Matt Towery

Newt for President. No, it's not coming from his own mouth, but the buzz has started. And for those who might pooh-pooh the very idea, take this as fair warning: Underestimating Newt Gingrich is a big mistake.

 As a Gingrich disciple in the early '80s, I traveled with longtime Republican consultant Bob Weed to the Reagan White House. There, we presented political concepts that the little-known Newt and the rest of us felt were essential for the president's domestic agenda. Among them was an idea I felt embarrassed even to discuss -- a tax credit for families who bought one of the new consumer frills known as personal computers. White House staffers doubtless got a laugh over that one. Not un-typically, however, the world is no longer laughing at that Gingrich concept, or at any of his others.

 Similarly, Gingrich would later be branded as a wide-eyed political bomb-thrower for forcing Jim Wright out as U.S. House speaker. And Newt barely survived consecutive re-election bids in the early '90s in his home state of Georgia. Who could blame those in Washington for not foreseeing that an innovative band of congressional brethren would transform Gingrich's self-proclaimed "Conservative Opportunity Society" into a "Contract with America"? More, we were quietly planning the astonishing political coup that ended in the Republican takeover of the House in 1994, and thus Gingrich's taking of the speaker's gavel.

 Yes, Newt sometimes lacked for public relations charm in his years of stratospheric power. The media loved to stain his new glory by coining images of him as a spoiled brat or a mean-spirited egghead. They made an international incident of his being relegated to "the back of the bus" on President Clinton's Air Force One. (The real story was that Gingrich never complained about his assigned seat or the door through which he exited the plane. Instead, he was upset that he and Clinton had squandered valuable time they could have used to work on the serious federal budget crisis.)

 The so-called "government shutdown" that resulted from the budget stalemate was pinned completely on Speaker Gingrich; one national magazine even portrayed him as The Grinch Who Stole Christmas. In reality, no American went without during that shutdown. Besides, the current spendthrift Congress and White House might do well to entertain a little budget "shutting down" themselves.

 But here's the key to Newt Gingrich that I learned long ago: He can weather the tough times because his mind is always locked on a future that most people can't yet see. A case in point is his new book, "Winning the Future: A 21st Century Contract with America." The man with the crystal ball has a new portfolio of insights, and the rumor mill in Washington has it that Gingrich's latest, book-boosted self-reinvention will align just so with the emerging political hopes and fears of Americans in the coming years.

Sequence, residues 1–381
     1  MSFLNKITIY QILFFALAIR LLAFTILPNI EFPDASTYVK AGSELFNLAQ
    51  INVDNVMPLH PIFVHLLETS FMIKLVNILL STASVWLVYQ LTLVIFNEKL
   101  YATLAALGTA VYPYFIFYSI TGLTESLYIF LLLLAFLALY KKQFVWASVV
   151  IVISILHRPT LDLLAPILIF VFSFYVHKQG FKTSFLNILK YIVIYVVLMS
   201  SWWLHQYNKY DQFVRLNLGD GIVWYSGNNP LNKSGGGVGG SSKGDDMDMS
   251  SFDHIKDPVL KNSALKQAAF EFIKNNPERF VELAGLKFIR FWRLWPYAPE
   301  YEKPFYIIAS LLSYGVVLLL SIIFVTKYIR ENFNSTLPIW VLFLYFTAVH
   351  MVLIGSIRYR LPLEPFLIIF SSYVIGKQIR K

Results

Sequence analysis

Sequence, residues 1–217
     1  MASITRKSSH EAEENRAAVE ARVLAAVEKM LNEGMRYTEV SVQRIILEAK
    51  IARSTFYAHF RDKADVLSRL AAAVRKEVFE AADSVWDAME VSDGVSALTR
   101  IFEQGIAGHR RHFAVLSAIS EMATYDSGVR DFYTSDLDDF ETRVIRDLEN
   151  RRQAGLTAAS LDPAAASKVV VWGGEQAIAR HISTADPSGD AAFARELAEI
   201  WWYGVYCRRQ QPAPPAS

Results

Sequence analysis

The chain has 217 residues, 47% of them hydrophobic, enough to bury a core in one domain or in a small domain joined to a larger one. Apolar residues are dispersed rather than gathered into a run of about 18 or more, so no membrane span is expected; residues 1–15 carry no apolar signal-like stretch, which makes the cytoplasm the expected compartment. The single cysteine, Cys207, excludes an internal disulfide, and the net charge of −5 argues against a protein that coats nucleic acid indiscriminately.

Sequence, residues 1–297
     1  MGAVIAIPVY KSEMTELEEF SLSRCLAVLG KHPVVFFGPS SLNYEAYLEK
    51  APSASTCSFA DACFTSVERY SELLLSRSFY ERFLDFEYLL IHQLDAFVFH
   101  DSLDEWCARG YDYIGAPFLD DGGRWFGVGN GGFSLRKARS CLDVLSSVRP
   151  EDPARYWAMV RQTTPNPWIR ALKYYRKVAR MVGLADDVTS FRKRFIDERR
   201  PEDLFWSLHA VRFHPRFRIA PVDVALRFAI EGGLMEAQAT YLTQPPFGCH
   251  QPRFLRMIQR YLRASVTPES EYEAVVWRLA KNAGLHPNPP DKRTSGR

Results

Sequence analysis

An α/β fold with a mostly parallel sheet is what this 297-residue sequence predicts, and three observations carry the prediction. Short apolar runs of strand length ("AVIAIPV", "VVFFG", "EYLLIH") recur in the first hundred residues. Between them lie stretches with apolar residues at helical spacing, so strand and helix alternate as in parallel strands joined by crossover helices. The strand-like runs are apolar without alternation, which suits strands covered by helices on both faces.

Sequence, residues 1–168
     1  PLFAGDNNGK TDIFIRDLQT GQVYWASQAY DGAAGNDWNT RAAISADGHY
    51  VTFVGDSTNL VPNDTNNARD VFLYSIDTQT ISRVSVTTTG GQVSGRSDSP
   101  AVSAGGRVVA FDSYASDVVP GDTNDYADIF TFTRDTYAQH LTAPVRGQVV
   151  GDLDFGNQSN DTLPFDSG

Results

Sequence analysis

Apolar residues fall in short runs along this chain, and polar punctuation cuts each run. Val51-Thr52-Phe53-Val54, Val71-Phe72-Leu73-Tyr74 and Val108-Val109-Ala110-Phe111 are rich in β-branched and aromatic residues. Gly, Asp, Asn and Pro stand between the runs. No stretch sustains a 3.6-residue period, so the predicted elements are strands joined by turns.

Take health care. The former speaker and his Center for Health Transformation have become first sources for those seeking new ideas on the many health-related issues confronting the nation. The center's Web site features an assortment of legendary "Gingrich-isms" that only Newt could invent -- "Interoperable Health Information Technology Initiative," for example. (See www.healthtransformation.net.)

 At first read, terms like these feel as futuristic as personal computers did a generation ago. Closer inspection proves that these fancy locutions point to elegantly simple ideas, such as a seamless health information system that would enable providers to care for individual patients with up-to-the-minute information and medical history. They demonstrate that while the political world at large has been slogging through cliches and generalities since Gingrich left office, Newt has been carefully constructing workable, potentially life-altering public policy concepts and initiatives.

 Our prior InsiderAdvantage national surveys have shown that Americans -- particularly the ubiquitous baby-boomers -- list health care at the top of their lists for issues for which they want to see real change. By the presidential election of 2008, the issue will be parked in the middle of the political road. Will Newt be there with a tow truck?

 If so, which Democrat might he face? Sen. Hillary Clinton is the name on many minds. Remember, it was the nation's reaction to her own strong ideas about national health-care policy that helped position Gingrich and his party mates for their legendary takeover in 1994.

 It's a long way to 2008. Much can and will change. But many Republicans by then may be yearning for the apparently bygone days of fiscal restraint from their party. And voters of all stripes may in four years believe that being cerebral is not a liability in a political candidate, but instead a refreshing and necessary attribute.

 The revival of Newt Gingrich isn't so far-fetched. As one who has witnessed virtually his entire career from a unique vantage point, I can say I'd never bet against him. Perhaps this time, the future that Gingrich speaks so eloquently about is a future with his name written all over it.


Matt Towery

Matt Towery is a former National Republican legislator of the year and author of Powerchicks: How Women Will Dominate America.
 
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